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A French court today removed a big hurdle to James C. Kopp's return to the United States, saying the man accused of killing Dr. Barnett A. Slepian should be extradited in light of the U.S. government's promise not to execute him if convicted.

"We could only give a favorable decision if the American authorities could give sufficient reason to believe that the death penalty will not be sought, pronounced or implemented," said Dominique Bailache, the presiding judge.

Bailache said the United States had done just that, first in an unsigned communique from the U.S. Embassy in Paris and then in a statement Attorney General John Ashcroft signed.

The three-judge panel's decision does not mean that Kopp will return to Buffalo anytime soon to face state and federal charges that he assassinated Slepian, an Amherst physician who provided abortions, in October 1998.

Kopp has until Wednesday to decide whether to appeal today's decision, and then his return would have to be approved by the French government and possibly another French court, said Herve Rouzaud-Le Boeuf, Kopp's attorney.

"We are still at the very beginning of the extradition process," Rouzaud-Le Boeuf said, adding that he couldn't predict when Kopp might be returned to the United States.

The French court also totally rejected Rouzaud-Le Boeuf's claim that Kopp couldn't get a fair trial in Buffalo in light of media coverage of the case. That isn't a matter before the French court, said Bailache, who added: "The media's interest in a case such as this is not unusual."

While by no means final, today's court decision was important -- largely because
of what didn't happen. If the court had ruled against the extradition, Kopp could have gone free, said Robert Baffert, a French prosecutor involved in the case.

Kopp, meanwhile, maintained his innocence. When reporters shouted questions as guards escorted him into the Brittany Palace of Justice, Kopp said: "Who killed Dr. Slepian? That's the only question you should ask."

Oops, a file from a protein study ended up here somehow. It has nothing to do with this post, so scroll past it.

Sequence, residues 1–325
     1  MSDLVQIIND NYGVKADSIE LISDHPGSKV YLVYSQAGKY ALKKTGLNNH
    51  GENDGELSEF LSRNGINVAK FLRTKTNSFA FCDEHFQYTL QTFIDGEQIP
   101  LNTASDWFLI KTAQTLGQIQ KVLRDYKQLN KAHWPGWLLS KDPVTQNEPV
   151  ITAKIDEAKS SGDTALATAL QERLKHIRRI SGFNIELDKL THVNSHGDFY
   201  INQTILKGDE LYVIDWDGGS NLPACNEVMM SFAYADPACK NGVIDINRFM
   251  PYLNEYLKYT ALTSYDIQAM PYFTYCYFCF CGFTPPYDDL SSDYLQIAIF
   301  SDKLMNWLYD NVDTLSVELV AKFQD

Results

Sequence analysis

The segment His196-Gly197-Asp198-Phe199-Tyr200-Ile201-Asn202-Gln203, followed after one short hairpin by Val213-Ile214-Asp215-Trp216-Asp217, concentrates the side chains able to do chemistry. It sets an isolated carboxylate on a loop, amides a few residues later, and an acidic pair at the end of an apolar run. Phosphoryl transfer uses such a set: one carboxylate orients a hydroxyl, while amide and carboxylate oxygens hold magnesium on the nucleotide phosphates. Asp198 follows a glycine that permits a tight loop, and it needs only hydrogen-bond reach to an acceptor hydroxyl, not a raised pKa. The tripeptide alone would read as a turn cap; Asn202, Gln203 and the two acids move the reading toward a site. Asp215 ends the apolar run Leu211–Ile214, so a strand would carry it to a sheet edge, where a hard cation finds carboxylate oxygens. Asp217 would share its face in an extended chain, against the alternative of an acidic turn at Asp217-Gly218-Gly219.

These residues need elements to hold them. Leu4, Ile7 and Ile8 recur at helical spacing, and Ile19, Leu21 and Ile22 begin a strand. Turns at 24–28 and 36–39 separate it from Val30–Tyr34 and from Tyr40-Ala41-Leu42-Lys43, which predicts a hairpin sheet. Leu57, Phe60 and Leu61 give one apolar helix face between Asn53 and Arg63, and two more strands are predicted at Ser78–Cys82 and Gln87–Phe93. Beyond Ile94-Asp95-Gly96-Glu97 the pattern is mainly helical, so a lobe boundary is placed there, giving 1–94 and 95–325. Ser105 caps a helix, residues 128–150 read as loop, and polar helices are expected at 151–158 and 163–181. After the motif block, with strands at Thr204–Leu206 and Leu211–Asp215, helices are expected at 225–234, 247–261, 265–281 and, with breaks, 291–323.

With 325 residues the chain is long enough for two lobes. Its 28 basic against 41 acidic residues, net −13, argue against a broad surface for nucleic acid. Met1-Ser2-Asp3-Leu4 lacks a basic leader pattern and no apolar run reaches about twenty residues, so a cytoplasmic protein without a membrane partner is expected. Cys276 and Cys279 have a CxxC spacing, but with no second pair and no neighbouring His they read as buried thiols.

Kopp -- dressed in a rumpled white dress shirt and gold tie -- otherwise remained silent and expressionless as Bailache read the decision to him and as a translator interpreted it.

For many reasons, Bailache said, the French court needed a reassurance from U.S. authorities that they would not seek the death penalty for Kopp. For one thing, French law forbids sending criminals back to a home country where they face a penalty more severe than they would face in France, which outlawed the death penalty 20 years ago.

For another, extraditing a prisoner to a country that would execute him would violate the European Convention on Human Rights, Bailache said.

But once the United States agreed not to seek the death penalty, everything changed. Bailache said the state and federal murder charges that Kopp faces are similar to what he would face for a similar crime in France, which makes Kopp liable for extradition under a treaty between the United States and France.

The French court refused to approve Kopp's extradition on two lesser state charges because those charges are not covered under that treaty. But Rouzaud-Le Boeuf described those charges as minor and said they easily could be dropped. They, therefore, wouldn't stand in the way of Kopp's return to the United States.

If the French court had ruled against extradition and Kopp were set free, local officials in Dinan, the small city where Kopp was captured on March 29 after 2 1/2 years on the run, could have held him on charges of using a false identification. But Baffert said that would have been unlikely.

France, however, could have refused to send Kopp back to United States and yet make him a man without a country. Baffert said that since Kopp was in the country illegally, France simply could have deported him.

Now, though, the laborious French extradition process can continue.

If Kopp decides to appeal today's decision to the Court of Cassation -- the top French court in such matters -- the case could take months to resolve, Rouzaud-Le Boeuf said.

If Kopp loses that appeal, the extradition decision would be in the hands of French Prime Minister Lionel Jospin. Another French court, Conseil d'Etat, also could be asked to review the matter.

Rouzaud-Le Boeuf said he had warned his client before today's hearing that the court probably would rule in favor of the extradition after Ashcroft attached his name to the promise not to seek the death penalty.

"I think he is intellectually and psychologically all right," said Rouzaud-Le Boeuf, who has repeatedly attacked the United States for its use of the death penalty. "Prison is not a pleasant place, but then again, a French prison is not like a prison in Texas, or Indiana."

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